It was subtle.

But I saw it.

Maybe I shouldn’t have seen it. Shouldn’t have paying such close attention. Should’ve been more attentive to the task at hand. But I’m a people watcher.

So I saw it.

I was in Yonge-Dundas Square in the middle of downtown Toronto. Picture Times Square in New York as a baby. A tiny, much cleaner baby. I was there with a group of teenagers and adults from my church on a sunny and mild Thursday morning. We were in the city that day putting on a free bike repair clinic in conjunction with Chain Reaction, a bicycle repair ministry under the umbrella of the Toronto Church Planting Network.

It was still early, about the time everyone was headed to work. And there were bicycles everywhere, heading in every direction. Here a bike, there a bike, everywhere a bike, bike. Everybody in Toronto rides bikes. This was the impetus for the free repair clinic – to serve the city and show the love of Jesus by meeting a real need with no strings attached. I was standing on the Northeast corner of the square (at least I think I was), on top of a bench with a large rectangular sign in my hand that advertised the clinic. From my perch I was in a great position to promote our event, and to observe everything that was taking place on that corner of the city.

I had been at my post for about 10 minutes when I saw a man and a woman, on bicycles of course, riding south together down Victoria Street towards my corner of the Square. When they arrived at the intersection, traffic wasn’t going in their favor, so they stopped and rested while they awaited their turn to move. It wasn’t but a few seconds before the light turned green. At this point it became clear that they were about to head off in different directions. Their body language indicated a separation, a slight bend away from each other. Then, they leaned in towards each other and kissed briefly, before he continued south on Victoria street and she started west on Dundas. For whatever reason, my eyes followed her face.

That’s when it happened.

Something unexpected and seemingly out of place.

She was smiling as she rode away.

It would be hyperbole to say I was shocked by her expression, but I definitely felt a tinge of surprise. It seemed a strange reaction, a disconsonant note, this happiness at goodbye. I have no idea what their relationship was, only that they seemed to be more than friends. There was no way of knowing how long they were going to be apart. For all I knew they might have been re-united just a short time later. But her smile was so real and true that it appeared to be more of a hello face than a goodbye face.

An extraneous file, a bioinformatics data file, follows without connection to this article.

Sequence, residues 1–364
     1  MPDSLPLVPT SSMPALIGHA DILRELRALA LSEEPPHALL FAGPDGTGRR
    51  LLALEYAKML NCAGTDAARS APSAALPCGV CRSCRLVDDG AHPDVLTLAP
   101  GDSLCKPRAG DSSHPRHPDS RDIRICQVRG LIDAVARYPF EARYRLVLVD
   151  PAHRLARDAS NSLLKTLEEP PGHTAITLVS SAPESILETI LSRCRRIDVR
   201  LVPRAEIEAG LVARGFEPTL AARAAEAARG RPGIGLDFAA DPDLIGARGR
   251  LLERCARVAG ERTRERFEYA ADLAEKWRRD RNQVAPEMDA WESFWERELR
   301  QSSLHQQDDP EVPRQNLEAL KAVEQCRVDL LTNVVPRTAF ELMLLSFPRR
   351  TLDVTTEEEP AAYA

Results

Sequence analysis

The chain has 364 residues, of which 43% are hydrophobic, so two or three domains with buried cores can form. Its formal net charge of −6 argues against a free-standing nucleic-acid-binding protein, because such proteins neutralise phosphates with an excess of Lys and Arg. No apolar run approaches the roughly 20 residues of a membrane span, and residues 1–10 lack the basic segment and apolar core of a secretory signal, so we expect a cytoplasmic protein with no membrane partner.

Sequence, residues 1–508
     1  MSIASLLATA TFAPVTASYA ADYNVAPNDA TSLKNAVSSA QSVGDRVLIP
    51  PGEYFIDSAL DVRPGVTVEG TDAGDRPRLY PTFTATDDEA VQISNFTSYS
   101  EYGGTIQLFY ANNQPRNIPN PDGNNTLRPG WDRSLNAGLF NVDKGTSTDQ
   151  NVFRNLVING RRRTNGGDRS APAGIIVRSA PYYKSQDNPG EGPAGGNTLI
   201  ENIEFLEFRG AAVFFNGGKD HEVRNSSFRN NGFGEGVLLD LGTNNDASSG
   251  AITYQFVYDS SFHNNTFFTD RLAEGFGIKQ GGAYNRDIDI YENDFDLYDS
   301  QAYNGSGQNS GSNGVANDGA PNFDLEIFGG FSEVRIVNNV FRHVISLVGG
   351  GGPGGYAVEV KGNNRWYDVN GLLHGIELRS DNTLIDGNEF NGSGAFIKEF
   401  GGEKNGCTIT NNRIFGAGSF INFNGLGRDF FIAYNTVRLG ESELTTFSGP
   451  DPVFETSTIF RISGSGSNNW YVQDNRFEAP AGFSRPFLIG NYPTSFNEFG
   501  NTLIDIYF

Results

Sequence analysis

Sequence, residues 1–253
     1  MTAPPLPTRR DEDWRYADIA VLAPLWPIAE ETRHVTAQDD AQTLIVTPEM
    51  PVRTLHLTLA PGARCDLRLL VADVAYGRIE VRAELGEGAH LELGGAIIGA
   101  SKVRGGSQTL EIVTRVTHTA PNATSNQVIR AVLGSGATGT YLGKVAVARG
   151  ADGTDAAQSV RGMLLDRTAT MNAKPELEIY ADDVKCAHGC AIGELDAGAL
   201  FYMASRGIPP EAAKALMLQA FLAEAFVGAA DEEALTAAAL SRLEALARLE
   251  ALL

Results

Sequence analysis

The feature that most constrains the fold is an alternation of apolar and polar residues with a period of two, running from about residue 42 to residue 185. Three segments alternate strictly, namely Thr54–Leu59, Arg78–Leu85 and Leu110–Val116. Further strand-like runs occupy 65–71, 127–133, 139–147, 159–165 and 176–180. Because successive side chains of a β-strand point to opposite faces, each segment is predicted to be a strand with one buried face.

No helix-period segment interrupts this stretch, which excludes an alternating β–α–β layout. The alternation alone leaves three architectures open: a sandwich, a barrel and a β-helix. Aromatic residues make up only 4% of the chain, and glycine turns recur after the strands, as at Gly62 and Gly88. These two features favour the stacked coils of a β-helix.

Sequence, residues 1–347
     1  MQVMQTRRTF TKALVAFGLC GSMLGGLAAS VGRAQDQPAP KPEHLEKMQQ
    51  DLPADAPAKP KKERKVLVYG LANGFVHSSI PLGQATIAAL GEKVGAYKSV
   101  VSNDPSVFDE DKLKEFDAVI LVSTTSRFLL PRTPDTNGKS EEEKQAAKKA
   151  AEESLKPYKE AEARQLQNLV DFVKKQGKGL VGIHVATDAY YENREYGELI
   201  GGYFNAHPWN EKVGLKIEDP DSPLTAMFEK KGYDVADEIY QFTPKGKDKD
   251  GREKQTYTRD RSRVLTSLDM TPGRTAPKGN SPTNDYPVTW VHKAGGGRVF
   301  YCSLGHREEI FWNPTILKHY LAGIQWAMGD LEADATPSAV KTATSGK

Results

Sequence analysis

Goodbyes are inevitable in our lives. We experience them everyday, on different levels. Your spouse leaves for work each morning, or maybe she goes out of town on business. Your relative or dear friend comes to visit, and eventually it’s time for them to go. You send your children off to school for the day, or maybe you send your son or husband off to war. You graduate, you get promoted, you transfer, you move, you grow up, you grow old.

Goodbyes are as much a part of our lives as anything else we experience. And goodbyes are supposed to be sad. They’re supposed to make us wistful, blue, reminiscent. They almost always prompt sighs, longings, or tears. When it comes to people we really care about, they’re almost never enjoyable or fun.

Which is why her goodbye smile appeared so mismatched.

Until it hit me.

She must have realized how fortunate she was.

Movement is a part of life. “A body in motion tends to stay in motion.” We’re always on the go, moving from place to place, job to job, cause to cause, dream to dream. In order to move, we have to leave things behind. Often we leave people behind, sometimes for a brief time, sometimes for a season, and sometimes for good.

Maybe what we want and need more than anything is someone who will make us smile as we leave.

Someone who feels that pain of separation as strongly or stronger than we do. Someone who will not be as fulfilled because of our absence. Someone who will miss us when we’re gone. And if we have that, just one person, who wishes they could be with us even when they can’t, maybe that’s a reason to smile big, and real, and true. Maybe we’re blessed way more than we ever realized.

This week parents are sending little ones to school for the very first time, or sending eighteen year-olds to college for the very first time. Eighteen year-olds are leaving family and friends to discover new family and friends. Families will be moving, companies will be relocating, dreams will be chased to the ends of the earth. Everywhere tomorrow, people will be leaving, some for a little while, some for a little longer, some forever.

Goodbyes are inevitable. And maybe that’s okay. Maybe it’s what we need to really appreciate the people in our lives, to stop taking relationships for granted, to be fully aware of the gift.

And maybe you don’t know it, maybe you can’t know it because you’re always headed off in a different direction…

But chances are, you’ll make someone smile as you ride away.


“You’ve got all you need, and more. Someone to be lonely for.” – Amy Grant

About the Author

Mark Paul


  1. Wow Mark! Wonderful insight. Wonderful words.

  2. Jim Redovian

    I just read a post on Facebook from a family saying goodby to a beloved pet, so sad, but the good news is you never need to say goodby to Jesus, for he never leaves us. What a comfort


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